Allen Gannett:

Yeah. So if you’re a marketing executive, I’d say less is better, right? So essentially that’s, I think the key thing, so my partial perspective is the way to deal with this is all this channel explosion is to really fundamentally invest in quality and not invest in quantity. Because if you look at any of the stats, the amount of content coming out is going up so much, but the engagement and the results are going down. So I think that’s sort of the fundamental thing on more broadly executives, people running companies, starting companies, leading teams. I think the basics are really what the entire thing’s about. So it’s the basics of hiring, coaching, personal development. I think if you focus on those things, everything else takes care of itself. And I think when you think about execution, fundamentally, what execution means is having great people, having them operate and be the best version of themselves. And so I think really a back-to-basics approach, in fact, in both marketing and more broadly leadership and management, I think that’s really the key.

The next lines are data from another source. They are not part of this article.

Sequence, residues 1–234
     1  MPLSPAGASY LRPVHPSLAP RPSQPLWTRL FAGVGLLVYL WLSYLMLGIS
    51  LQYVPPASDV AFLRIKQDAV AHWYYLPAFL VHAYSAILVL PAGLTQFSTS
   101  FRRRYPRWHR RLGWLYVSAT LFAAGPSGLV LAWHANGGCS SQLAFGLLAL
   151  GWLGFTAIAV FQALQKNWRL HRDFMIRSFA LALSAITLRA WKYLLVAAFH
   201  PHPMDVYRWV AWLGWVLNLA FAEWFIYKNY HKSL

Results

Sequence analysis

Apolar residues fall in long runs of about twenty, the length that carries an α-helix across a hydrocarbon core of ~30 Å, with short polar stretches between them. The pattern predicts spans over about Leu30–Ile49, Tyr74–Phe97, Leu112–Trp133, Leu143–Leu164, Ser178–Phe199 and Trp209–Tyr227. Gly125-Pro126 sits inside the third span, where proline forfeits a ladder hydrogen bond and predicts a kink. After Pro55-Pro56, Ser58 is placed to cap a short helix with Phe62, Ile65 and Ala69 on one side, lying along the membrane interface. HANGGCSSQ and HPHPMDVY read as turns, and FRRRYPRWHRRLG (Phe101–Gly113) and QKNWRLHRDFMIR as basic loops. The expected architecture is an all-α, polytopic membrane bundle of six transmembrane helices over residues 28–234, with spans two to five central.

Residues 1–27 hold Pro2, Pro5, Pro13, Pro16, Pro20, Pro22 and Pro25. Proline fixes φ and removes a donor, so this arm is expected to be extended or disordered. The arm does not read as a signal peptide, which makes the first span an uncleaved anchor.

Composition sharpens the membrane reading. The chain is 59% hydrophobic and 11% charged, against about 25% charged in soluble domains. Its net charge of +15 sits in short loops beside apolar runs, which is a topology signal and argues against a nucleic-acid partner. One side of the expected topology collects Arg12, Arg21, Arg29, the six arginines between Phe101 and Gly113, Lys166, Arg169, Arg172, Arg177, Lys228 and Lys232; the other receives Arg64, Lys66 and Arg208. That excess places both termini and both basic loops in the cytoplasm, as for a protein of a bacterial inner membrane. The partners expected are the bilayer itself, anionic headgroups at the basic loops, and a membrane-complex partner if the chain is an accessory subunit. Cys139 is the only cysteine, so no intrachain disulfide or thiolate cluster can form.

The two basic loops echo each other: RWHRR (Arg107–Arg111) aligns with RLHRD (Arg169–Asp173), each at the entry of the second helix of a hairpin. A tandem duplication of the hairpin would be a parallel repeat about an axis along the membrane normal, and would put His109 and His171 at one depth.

Jeff Pedowitz:

That’s great advice, Allen. Thank you so much. I really appreciate you being on the show today and thank you.

Allen Gannett:

Thank you.

About Allen Gannett

Allen has had robust career serving as CEO & Co-founder of Splash Networks, CMO of Employee Insight and General Partner of Excelaprise. In his current role Allen advocates for all customers and ensures the company builds products that people love and that makes their day easier. In addition, he focuses on company culture and working to build a company of people who love their work and who are passionate about marketing.